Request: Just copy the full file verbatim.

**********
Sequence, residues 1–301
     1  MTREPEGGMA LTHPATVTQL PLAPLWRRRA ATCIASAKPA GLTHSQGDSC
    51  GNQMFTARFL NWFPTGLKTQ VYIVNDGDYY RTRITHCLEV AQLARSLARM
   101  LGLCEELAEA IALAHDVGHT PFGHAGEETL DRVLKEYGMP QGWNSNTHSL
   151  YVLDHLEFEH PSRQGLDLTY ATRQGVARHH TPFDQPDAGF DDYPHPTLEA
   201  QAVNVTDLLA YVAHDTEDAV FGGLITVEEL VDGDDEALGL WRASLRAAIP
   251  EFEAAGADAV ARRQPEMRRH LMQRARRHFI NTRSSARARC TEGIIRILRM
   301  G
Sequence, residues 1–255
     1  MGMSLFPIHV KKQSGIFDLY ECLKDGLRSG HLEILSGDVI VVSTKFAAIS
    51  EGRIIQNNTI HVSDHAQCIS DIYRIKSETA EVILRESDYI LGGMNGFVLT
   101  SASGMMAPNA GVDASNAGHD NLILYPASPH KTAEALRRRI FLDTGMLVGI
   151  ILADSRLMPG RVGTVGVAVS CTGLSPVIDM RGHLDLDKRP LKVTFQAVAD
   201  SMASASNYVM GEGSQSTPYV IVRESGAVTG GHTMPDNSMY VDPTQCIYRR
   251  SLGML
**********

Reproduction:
Sequence, residues 1–301
     1  MTREPEGGMA LTHPATVTQL PLAPLWRRRA ATCIASAKPA GLTHSQGDSC
    51  GNQMFTARFL NWFPTGLKTQ VYIVNDGDYY RTRITHCLEV AQLARSLARM
   101  LGLCEELAEA IALAHDVGHT PFGHAGEETL DRVLKEYGMP QGWNSNTHSL
   151  YVLDHLEFEH PSRQGLDLTY ATRQGVARHH TPFDQPDAGF DDYPHPTLEA
   201  QAVNVTDLLA YVAHDTEDAV FGGLITVEEL VDGDDEALGL WRASLRAAIP
   251  EFEAAGADAV ARRQPEMRRH LMQRARRHFI NTRSSARARC TEGIIRILRM
   301  G
Sequence, residues 1–255
     1  MGMSLFPIHV KKQSGIFDLY ECLKDGLRSG HLEILSGDVI VVSTKFAAIS
    51  EGRIIQNNTI HVSDHAQCIS DIYRIKSETA EVILRESDYI LGGMNGFVLT
   101  SASGMMAPNA GVDASNAGHD NLILYPASPH KTAEALRRRI FLDTGMLVGI
   151  ILADSRLMPG RVGTVGVAVS CTGLSPVIDM RGHLDLDKRP LKVTFQAVAD
   201  SMASASNYVM GEGSQSTPYV IVRESGAVTG GHTMPDNSMY VDPTQCIYRR
   251  SLGML